The beauty of home education is the freedom to set your schedule. Our days, weeks, and school year are very different from the local public schools, and even different from our fellow homeschool friends. The simple reason is that we are a HOME and not a SCHOOL. With that in mind, I’m sharing our 2020 homeschool schedule. Last year it was different, and next year it probably will be, too.
Over the past 20 years that we’ve homeschooled, we’ve had lots of schedules! When my kids were all young, the day was very structured, with lessons, playtime, snack time, and nap times religiously observed. Now two have graduated, and my youngest is 9, so the days are different — and a lot easier!
We begin at 8:00 a.m. when my nephew arrives. He’s the same age as my oldest son, so he comes for lessons twice a week and they do the same curriculum together. Around 11:00, two other girls (daughters of a single-mom friend of mine) come for our history portion. We finish up the day around 2:00 p.m.
- Math with older kids
- Math and Reading with youngest child
- Language Arts (Grammar, Latin, copywork, writing)
- Literature (this year it’s Tolkien’s books)
- History (including geography, literature, copywork, science, art, and culture)
Lunch and breaks happen whenever we feel the need. Usually the kids eat their lunches while I’m reading aloud from a history selection or while we watch a video.
It’s just our family on Tuesdays, so I assign homework to my nephew to do on his own at home. My kids do something like this:
- Math lesson
- Science co-op homework
- Enrichment Classes co-op homework
- Reading and math for the youngest child
Repeat of Monday.
We attend a weekly science co-op. My kids, my newphew, and the two girls I teach all attend.
The three boys take Apologia General Science from 8:30 – 10:30, while my daughter works on math, copywork, and reading. Then she and the other two girls attend an elementary science class from 1030-12:00 while the boys do their math, reading, and science homework. I’m the assistant in both classes so this is not a drop-off class for me. I can help the teacher and supervise my other kids during their homework.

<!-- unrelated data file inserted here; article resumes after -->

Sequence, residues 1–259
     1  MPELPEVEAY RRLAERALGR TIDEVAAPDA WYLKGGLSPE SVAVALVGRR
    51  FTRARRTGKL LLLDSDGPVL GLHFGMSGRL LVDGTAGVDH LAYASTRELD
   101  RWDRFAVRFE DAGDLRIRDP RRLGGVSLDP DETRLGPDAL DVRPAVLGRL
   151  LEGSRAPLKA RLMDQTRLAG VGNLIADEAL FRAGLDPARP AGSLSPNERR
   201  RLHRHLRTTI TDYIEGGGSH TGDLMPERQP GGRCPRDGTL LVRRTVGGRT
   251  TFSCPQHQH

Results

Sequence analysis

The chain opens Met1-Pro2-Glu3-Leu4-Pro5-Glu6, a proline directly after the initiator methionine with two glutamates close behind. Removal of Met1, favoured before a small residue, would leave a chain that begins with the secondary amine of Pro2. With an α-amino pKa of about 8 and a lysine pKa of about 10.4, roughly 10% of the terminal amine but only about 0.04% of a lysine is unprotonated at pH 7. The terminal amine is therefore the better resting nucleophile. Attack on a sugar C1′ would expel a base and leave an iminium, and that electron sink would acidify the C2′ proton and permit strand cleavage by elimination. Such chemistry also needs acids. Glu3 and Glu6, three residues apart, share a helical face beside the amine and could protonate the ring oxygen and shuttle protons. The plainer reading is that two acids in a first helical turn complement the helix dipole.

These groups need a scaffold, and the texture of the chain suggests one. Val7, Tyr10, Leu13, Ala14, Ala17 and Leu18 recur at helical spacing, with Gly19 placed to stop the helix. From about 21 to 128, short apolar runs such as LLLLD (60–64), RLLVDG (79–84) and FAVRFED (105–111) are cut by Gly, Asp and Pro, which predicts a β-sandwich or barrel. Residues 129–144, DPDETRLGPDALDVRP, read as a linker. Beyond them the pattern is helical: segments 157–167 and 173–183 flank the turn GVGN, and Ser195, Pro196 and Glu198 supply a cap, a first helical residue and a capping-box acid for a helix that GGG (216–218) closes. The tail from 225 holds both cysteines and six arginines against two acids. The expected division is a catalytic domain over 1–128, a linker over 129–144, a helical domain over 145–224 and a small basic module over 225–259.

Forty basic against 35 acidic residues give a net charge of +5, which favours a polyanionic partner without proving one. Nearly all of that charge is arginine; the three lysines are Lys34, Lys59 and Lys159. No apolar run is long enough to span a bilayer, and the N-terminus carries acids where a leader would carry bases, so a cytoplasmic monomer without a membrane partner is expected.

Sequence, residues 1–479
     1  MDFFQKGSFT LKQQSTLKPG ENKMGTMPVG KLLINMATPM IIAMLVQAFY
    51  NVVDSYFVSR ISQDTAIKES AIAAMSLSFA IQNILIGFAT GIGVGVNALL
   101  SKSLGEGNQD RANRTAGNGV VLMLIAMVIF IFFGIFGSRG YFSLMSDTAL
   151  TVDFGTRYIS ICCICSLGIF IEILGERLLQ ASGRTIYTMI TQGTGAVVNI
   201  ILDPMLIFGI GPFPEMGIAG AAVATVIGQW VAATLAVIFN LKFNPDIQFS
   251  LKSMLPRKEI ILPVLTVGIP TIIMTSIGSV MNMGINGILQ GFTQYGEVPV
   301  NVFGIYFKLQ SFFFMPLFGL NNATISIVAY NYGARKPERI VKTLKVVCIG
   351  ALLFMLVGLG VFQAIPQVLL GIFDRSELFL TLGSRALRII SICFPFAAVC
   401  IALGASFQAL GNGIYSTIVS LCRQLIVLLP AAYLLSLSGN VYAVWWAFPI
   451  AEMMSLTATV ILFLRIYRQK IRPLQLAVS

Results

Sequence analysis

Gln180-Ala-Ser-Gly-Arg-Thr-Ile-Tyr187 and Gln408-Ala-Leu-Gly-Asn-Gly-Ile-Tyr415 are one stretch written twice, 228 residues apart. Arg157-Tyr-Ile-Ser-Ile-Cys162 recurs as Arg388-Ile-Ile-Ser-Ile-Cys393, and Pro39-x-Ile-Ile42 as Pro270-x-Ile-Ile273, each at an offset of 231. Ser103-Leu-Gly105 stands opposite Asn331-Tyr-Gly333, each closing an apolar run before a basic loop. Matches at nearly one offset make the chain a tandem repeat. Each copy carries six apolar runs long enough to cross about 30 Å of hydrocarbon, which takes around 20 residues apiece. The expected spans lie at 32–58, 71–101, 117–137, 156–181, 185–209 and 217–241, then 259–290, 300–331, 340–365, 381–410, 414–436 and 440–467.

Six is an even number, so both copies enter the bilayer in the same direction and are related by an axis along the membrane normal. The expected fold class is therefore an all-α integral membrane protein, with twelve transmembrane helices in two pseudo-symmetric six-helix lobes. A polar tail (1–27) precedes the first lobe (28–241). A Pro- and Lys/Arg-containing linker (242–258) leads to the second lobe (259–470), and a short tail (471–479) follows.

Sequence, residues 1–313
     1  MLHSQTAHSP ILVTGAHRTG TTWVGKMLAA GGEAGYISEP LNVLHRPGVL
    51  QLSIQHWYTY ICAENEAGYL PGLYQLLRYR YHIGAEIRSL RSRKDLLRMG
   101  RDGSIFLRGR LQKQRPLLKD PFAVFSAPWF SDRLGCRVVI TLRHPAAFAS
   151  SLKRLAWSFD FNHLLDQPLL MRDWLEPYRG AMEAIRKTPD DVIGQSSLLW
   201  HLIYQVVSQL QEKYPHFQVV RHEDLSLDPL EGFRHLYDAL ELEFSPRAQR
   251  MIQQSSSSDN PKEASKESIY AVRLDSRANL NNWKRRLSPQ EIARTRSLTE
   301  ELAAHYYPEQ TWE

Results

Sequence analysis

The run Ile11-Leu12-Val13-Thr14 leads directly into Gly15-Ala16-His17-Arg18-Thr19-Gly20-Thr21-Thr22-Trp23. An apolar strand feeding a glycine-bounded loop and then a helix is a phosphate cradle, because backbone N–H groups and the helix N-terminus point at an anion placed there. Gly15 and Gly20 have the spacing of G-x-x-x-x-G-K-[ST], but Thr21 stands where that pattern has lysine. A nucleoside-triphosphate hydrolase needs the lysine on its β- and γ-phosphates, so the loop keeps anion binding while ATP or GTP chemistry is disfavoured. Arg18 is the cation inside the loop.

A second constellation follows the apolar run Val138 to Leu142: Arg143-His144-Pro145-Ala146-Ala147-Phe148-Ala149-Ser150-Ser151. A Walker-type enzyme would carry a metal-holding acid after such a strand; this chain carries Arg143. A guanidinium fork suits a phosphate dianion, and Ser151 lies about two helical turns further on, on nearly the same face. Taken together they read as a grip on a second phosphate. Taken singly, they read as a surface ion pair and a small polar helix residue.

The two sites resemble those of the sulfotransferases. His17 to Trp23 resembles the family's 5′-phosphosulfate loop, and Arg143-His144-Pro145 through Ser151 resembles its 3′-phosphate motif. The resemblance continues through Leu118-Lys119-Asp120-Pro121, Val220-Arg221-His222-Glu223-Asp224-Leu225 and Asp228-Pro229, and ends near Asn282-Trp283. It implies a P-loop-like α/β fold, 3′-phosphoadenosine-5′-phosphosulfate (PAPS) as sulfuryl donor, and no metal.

For the past 20 years we have attended Enrichment Classes near us. In fact, I helped start this group! All of my kids have always attended. The classes are always varied, and run the spectrum from fun extracruriculars to heavy core curriculum classes. I always teach classes because I love to teach!
Our current semester looks like this:
- Take Kwon Do
- Plastic Canvas Crafts
- Paddle to the Sea
- Advanced Paint by Number
- Popsicle Stick Building
- Study Hall
- Team Challenge
- Ultimate Frisbee
- Paint by Number
- Popsicle Stick Building
14yo son (and newphew):
- Free Draw
- Study Hall
- Lord of the Rings Film Music
- Lovin’ Literature
We school year-round, so a break can happen anytime we wish. If sickness happens, or the weather is perfect, or Dad gets some time off work, we can just call a halt to our lessons and not worry about “getting behind.”
When it’s hot in the summer and the kids don’t want to go outside (we live in Texas!), we have school. When it’s beautiful in Spring or Fall, we tend to take days off and enjoy the outdoors.
We don’t tend to worry about “grade level.” I’m more focused on advancing knowledge. If we finish a math book in March, we move on to the next one. If our grammar book takes 13 months to finish, that’s okay. I’d rather teach to proficiency than to just push them through one book and start another in September. Basically, the calendar does not dictate our school.
The only time we think about grade level is for co-ops that we do. And even there, we use flexibility in joining classes. If my 9yo is not quite ready for 4th-6th grade classes, I might keep her in the younger group a little longer. On the other hand, if my 13yo is bored in 7-8th grade classes, he can move up to the high school classes. Our group is flexible, and so am I.
That’s it! Roughly 3 days a week are actual “school” days, and the other two are for outside classes.
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